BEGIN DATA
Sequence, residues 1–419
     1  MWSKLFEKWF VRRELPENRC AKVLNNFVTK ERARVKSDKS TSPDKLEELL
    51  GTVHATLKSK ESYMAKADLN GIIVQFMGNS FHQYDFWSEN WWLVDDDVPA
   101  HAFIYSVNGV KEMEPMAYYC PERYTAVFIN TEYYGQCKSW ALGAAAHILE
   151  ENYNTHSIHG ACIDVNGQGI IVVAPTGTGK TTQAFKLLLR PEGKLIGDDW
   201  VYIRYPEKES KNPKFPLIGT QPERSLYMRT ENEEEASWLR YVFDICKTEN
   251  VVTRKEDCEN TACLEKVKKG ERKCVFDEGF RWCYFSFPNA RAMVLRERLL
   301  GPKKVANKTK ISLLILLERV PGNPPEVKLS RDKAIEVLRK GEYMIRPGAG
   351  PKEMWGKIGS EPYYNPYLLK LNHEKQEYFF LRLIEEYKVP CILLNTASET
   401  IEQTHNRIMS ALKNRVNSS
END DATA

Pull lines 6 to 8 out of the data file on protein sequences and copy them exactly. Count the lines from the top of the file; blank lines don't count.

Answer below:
   201  VYIRYPEKES KNPKFPLIGT QPERSLYMRT ENEEEASWLR YVFDICKTEN
   251  VVTRKEDCEN TACLEKVKKG ERKCVFDEGF RWCYFSFPNA RAMVLRERLL
   301  GPKKVANKTK ISLLILLERV PGNPPEVKLS RDKAIEVLRK GEYMIRPGAG